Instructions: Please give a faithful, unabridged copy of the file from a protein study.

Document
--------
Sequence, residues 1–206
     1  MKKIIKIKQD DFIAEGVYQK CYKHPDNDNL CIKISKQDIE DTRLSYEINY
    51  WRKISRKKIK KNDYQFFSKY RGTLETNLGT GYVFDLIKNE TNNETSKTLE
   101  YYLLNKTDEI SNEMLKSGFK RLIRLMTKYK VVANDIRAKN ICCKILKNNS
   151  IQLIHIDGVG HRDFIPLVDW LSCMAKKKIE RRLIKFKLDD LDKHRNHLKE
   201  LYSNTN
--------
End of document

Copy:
Sequence, residues 1–206
     1  MKKIIKIKQD DFIAEGVYQK CYKHPDNDNL CIKISKQDIE DTRLSYEINY
    51  WRKISRKKIK KNDYQFFSKY RGTLETNLGT GYVFDLIKNE TNNETSKTLE
   101  YYLLNKTDEI SNEMLKSGFK RLIRLMTKYK VVANDIRAKN ICCKILKNNS
   151  IQLIHIDGVG HRDFIPLVDW LSCMAKKKIE RRLIKFKLDD LDKHRNHLKE
   201  LYSNTN